Authored by Michael K. Levy
On June 20, 2014, the Patent Trial and Appeal Board (PTAB) issued the first inter partes review (IPR) decisions reaching pharmaceutically-related subject matter, which in this case constituted dietary supplement and vitamin products. Four separate final written decisions, addressing four respective patents claiming related subject matter, held claims unpatentable directed to pharmaceutical compositions and methods of treatment using such compositions.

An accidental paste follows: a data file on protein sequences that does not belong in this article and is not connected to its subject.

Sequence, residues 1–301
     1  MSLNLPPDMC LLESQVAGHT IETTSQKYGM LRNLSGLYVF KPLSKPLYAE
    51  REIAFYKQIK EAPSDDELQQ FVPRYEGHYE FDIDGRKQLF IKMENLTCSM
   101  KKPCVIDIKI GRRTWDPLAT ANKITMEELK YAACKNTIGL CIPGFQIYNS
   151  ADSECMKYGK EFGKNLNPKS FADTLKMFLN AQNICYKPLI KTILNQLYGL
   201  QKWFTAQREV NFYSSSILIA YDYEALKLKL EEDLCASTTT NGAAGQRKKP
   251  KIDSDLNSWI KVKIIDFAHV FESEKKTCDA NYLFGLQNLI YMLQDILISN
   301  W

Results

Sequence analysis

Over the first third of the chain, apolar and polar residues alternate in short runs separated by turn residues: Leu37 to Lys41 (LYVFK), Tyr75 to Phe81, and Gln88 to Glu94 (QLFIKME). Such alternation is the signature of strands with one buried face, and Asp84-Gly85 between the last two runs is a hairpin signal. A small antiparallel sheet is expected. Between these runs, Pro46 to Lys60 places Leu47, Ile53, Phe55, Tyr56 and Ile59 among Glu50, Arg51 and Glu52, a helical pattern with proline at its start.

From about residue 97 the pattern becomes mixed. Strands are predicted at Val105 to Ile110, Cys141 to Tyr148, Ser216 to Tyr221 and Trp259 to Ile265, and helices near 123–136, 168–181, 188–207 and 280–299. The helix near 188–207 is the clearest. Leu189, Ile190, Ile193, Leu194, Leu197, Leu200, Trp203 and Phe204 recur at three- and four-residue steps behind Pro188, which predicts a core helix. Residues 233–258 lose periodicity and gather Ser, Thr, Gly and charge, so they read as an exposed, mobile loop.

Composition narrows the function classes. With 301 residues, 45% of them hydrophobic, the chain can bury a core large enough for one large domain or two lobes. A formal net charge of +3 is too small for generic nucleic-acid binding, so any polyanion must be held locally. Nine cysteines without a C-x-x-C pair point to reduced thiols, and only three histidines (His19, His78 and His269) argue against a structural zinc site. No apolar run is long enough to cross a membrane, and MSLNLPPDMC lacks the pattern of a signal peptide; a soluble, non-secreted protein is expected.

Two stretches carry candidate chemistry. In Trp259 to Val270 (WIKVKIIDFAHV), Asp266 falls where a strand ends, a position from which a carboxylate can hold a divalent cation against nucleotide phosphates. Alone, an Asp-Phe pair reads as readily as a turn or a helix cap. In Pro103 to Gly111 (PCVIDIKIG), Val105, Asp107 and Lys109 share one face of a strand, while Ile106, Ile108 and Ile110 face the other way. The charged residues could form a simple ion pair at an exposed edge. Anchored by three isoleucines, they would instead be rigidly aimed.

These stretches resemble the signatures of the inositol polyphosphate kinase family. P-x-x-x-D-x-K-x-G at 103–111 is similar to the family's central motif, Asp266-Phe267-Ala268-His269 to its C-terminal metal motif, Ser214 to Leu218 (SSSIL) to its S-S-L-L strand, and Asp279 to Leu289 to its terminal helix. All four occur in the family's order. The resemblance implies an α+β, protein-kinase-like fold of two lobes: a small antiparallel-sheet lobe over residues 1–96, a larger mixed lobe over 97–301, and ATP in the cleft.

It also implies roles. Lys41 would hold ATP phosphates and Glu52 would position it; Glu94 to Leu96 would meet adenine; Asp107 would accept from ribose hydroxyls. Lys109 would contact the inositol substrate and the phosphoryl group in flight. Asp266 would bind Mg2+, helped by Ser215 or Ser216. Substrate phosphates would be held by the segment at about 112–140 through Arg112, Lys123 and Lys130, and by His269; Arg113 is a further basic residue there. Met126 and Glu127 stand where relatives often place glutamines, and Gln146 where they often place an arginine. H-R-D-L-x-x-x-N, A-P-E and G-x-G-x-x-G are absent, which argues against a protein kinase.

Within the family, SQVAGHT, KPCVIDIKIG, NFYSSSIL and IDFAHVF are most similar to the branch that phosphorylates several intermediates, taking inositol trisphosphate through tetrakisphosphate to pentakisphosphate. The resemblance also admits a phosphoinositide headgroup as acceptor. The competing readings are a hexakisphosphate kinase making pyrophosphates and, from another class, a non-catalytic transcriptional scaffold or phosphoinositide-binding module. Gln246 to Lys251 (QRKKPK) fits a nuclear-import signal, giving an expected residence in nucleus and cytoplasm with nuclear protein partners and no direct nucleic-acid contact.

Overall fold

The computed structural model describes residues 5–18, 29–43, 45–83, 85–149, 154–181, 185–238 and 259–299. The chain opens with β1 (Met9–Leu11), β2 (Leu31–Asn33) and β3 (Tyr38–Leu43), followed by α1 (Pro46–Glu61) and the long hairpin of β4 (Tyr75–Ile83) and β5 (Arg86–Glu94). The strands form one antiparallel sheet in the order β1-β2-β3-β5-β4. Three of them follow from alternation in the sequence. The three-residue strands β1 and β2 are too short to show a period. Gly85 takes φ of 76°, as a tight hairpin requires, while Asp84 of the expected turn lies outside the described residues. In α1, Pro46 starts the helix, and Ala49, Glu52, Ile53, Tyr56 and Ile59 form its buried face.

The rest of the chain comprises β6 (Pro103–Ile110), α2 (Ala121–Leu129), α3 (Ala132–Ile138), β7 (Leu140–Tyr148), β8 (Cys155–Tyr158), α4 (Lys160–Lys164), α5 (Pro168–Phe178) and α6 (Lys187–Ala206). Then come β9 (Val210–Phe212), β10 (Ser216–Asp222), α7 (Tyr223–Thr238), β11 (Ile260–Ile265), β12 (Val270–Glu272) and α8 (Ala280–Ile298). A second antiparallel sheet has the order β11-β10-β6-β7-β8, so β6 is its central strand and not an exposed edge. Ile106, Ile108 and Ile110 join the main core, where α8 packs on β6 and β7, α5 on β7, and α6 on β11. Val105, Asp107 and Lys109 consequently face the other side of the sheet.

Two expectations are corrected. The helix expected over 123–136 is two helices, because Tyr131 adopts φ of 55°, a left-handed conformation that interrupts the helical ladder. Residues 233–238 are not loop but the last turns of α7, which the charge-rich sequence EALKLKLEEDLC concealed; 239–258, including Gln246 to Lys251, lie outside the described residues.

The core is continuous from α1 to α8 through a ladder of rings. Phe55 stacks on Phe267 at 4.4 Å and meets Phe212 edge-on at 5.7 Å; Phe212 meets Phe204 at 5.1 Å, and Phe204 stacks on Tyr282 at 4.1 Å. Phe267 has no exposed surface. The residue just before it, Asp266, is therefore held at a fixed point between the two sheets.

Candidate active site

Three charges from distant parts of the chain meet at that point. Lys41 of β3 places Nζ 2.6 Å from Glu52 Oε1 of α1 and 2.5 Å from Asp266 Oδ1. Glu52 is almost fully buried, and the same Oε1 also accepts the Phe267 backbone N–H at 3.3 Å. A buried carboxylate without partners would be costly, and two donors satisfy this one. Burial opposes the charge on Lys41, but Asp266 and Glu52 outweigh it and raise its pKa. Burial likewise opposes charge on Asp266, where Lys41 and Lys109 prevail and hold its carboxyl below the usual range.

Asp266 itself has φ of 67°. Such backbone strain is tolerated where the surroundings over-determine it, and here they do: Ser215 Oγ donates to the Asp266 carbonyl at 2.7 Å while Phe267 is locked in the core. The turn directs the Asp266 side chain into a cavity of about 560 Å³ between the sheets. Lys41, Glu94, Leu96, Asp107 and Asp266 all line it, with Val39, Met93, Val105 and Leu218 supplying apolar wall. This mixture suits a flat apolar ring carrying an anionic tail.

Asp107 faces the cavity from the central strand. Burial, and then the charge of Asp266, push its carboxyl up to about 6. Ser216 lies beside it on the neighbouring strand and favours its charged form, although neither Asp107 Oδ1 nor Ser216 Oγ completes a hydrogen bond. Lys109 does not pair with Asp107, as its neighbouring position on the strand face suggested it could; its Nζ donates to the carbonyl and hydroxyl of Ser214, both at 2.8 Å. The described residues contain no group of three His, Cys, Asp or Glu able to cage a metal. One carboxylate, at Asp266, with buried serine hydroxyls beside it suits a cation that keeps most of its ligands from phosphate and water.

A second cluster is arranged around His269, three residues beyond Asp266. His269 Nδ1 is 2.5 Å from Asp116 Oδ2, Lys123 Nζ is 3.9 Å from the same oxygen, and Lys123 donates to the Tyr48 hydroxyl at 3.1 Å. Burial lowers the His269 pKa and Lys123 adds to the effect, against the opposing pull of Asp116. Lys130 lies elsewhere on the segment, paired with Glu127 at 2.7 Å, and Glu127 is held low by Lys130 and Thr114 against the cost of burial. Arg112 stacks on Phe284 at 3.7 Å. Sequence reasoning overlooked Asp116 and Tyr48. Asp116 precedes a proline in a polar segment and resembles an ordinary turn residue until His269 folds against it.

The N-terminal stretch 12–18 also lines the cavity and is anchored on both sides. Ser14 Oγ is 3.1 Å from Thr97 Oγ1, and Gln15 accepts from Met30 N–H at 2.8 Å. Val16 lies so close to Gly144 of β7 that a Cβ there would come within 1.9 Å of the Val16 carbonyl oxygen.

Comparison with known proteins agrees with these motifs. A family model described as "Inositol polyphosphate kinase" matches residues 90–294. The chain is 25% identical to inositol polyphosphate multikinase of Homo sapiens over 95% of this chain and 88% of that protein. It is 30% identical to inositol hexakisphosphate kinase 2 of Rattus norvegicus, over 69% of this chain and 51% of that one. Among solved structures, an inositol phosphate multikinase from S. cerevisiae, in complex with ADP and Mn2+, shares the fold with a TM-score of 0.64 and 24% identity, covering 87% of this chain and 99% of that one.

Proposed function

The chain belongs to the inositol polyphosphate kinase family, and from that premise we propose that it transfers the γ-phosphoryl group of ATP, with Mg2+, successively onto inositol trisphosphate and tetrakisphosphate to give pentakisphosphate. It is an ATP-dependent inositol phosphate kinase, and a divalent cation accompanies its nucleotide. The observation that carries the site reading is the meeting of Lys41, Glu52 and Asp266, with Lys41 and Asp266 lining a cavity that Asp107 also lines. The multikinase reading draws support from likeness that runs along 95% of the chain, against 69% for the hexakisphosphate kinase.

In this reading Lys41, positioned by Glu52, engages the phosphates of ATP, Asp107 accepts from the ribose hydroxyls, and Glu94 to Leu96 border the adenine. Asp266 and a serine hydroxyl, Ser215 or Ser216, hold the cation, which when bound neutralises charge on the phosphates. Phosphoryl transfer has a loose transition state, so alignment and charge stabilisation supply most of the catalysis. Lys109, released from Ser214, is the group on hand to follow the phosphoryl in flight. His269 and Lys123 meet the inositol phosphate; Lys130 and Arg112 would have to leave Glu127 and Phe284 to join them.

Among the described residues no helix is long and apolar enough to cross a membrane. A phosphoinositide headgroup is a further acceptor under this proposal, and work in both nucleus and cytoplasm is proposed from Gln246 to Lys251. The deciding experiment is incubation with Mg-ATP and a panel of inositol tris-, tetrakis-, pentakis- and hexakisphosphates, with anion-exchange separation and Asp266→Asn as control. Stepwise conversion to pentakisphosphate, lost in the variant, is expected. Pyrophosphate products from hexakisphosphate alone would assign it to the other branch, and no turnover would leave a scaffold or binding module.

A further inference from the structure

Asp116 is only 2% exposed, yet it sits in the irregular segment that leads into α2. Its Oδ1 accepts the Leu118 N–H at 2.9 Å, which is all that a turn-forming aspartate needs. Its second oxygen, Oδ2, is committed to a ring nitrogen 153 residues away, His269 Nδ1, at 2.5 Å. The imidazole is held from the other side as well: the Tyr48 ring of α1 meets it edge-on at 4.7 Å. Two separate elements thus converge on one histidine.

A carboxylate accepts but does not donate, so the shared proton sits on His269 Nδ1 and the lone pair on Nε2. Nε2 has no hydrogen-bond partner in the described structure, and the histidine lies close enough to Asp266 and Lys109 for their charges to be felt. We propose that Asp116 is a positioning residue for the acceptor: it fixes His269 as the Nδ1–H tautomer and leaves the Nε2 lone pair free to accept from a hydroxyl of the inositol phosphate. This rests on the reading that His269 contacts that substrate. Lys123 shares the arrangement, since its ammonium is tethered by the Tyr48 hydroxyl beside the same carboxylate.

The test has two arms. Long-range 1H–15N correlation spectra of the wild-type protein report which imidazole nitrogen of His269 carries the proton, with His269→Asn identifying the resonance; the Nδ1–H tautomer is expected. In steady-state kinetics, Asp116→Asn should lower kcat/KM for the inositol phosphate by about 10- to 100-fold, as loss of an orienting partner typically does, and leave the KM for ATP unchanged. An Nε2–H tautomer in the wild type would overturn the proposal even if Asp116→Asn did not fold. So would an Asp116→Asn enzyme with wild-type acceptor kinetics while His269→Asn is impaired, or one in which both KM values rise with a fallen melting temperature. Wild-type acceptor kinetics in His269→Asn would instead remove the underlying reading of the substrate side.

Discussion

The twenty claims among the four patents ultimately reviewed by the PTAB were generally directed to treating particular indications by administering compositions containing a natural isomer of a reduced folate (e.g., 5-methyl-(6S)-THF), as an alternative to folic acid, which some individuals reportedly do not absorb easily. Petitioner essentially relied upon one prior art reference disclosing preparations for the use of folate or an undefined suitable active metabolite, and another disclosing the natural folate metabolite 5-methyl-(6S)-THF for treating folate deficiency. Despite Patent Owners’ reliance on nearly a dozen experts and other declarants’ testimony rebutting the combination, the PTAB found all challenged claims either anticipated or rendered obvious by the prior art. Notably, the PTAB carefully assessed the proffered objective evidence of nonobviousness (“secondary considerations”), finding in all cases that Patent Owners had failed to establish a nexus linking the evidence of commercial success, unexpected results, long-felt need, licensing and copying to any novel element in the claims. During the IPR proceedings, Patent Owners canceled a number of claims among the four patents, leaving only 30 for the PTAB to consider.